It’s one more might-have-been in the erroneous early release of up to 3,300 Washington prisoners.
In 2013, a Department of Corrections supervisor requested in vain that the problem with release dates be fixed before another error that turned out to be much less serious.
The less serious error involved miscalculations in release dates tied to chronic rule-breaking in prisons, or “persistent misbehavior” (PM). As the News Tribune and The Olympian reported last month, it affected the release dates of about 100 inmates, but prison officials say it didn’t cause any to be released early.
The persistent-misbehavior error was fixed March 24, 2014, according to investigators. But it took until January 2016 to fix the error causing early releases, known as the “King fix” in a reference to the court decision that led to the problem.
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The information-technology delays would have been less significant if release dates had been counted by hand while waiting for a fix, but the agency didn’t do that until last December.
Several employees have been disciplined or have resigned over the early releases. Two of the ex-prisoners are charged with killing people while they should have been locked up.
Investigators say the PM error took precedence even though a DOC supervisor, Deepak Sadanandan, added a note to the King-fix project in September 2013 saying, “fix this CR (change request) first, before PM.” Investigators don’t know why his request wasn’t followed.
That detail is buried in a report commissioned by Gov. Jay Inslee and released last month.
A footnote to the report explains one difference between the two IT projects: The one that got fixed first could have not only shortened some sentences, but also lengthened others.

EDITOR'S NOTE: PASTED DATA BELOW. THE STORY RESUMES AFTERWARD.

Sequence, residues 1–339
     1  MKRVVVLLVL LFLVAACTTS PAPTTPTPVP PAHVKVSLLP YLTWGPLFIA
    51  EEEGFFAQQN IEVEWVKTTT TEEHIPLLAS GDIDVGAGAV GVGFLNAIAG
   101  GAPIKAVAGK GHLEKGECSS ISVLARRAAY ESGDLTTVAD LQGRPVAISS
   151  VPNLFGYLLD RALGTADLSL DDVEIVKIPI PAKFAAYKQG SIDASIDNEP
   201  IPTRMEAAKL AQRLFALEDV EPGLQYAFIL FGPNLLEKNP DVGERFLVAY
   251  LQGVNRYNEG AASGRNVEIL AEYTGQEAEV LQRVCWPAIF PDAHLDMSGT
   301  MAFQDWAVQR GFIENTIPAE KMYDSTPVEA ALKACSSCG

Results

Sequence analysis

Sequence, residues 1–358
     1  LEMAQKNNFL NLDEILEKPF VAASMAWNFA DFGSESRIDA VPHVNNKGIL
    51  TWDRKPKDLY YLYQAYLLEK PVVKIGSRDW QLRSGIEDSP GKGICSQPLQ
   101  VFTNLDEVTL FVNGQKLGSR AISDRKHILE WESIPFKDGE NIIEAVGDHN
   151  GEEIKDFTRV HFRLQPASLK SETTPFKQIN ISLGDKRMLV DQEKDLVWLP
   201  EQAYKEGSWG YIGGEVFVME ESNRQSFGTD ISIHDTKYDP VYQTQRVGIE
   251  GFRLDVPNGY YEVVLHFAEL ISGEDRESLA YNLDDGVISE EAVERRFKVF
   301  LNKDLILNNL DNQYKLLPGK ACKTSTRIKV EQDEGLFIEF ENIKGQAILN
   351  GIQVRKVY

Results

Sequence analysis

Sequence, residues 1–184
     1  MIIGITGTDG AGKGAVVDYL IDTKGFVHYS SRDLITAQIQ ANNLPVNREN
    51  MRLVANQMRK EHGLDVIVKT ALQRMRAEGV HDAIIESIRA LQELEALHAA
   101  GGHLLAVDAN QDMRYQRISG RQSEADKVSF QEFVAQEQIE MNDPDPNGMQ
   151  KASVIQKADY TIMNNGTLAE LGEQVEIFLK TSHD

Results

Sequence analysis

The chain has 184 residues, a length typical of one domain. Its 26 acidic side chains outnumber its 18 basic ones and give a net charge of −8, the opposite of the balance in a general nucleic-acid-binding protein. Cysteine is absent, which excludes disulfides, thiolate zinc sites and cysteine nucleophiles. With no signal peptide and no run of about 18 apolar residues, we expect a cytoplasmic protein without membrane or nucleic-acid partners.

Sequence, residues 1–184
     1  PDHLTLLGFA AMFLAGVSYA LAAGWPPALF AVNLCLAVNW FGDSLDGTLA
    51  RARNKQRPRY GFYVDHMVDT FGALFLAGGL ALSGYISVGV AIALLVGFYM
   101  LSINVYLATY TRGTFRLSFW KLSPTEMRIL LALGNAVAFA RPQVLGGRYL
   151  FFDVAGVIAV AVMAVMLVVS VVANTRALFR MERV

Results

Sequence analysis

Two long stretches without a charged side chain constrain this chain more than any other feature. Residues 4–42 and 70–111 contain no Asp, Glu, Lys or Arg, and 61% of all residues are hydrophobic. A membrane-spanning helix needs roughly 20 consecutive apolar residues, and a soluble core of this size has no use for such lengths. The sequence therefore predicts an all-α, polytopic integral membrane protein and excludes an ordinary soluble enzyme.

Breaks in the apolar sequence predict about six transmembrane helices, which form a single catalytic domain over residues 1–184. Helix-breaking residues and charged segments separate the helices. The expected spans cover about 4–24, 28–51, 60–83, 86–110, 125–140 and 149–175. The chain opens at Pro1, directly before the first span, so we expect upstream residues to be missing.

Records manager Wendy Stigall told investigators, “The PM error cut both ways in that in some cases it resulted in earlier release dates and at other times offenders received release dates beyond what they should have served,” according to the report.
No one was released late, a Corrections spokesman said. The error adjusted sentences in either direction by less than a month, spokesman Jeremy Barclay said.
The two IT projects started not far apart.
Stigall requested a solution to the persistent-misbehavior problem in February 2013, weeks after requesting the King fix. IT business analyst Sue Schuler entered the PM fix into the IT system in April 2013, days after entering the King fix.
Schuler scheduled the King fix for September 2013. She scheduled the persistent-misbehavior fix for July 2013, which investigators point to as proof the King fix could have been initially scheduled earlier.
Schuler assigned both projects the second-highest category of priority, behind only a system shutdown.
But the prison system’s information-technology business manager, Dave Dunnington, downgraded the early-releases fix to a lower priority level in February 2014, investigators said.
Dunnington and Schuler both disputed some of investigators’ findings. In one point of contention, Dunnington told Inslee’s office that there had been a group decision to give all projects the same priority level.
But in updates Tuesday to their report, investigators said Dunnington couldn’t provide examples of downgrading priority levels for other projects — including the persistent-misbehavior fix.
“Unlike the King fix, Mr. Dunnington never reduced the severity level on the PM change request from a severity level 2 to a severity level 3,” they wrote.
Dunnington was demoted and Schuler and Stigall were issued letters of reprimand. Others tied to the error resigned from their current state jobs, including Denise Doty, who as assistant Corrections secretary had led the branch of the agency that included records and IT.
Corrections Secretary Dan Pacholke has also resigned. His predecessor, Bernie Warner, led the agency while many of the decisions detailed in the report were being made, but Warner left the agency last year to take a private-sector job in Utah.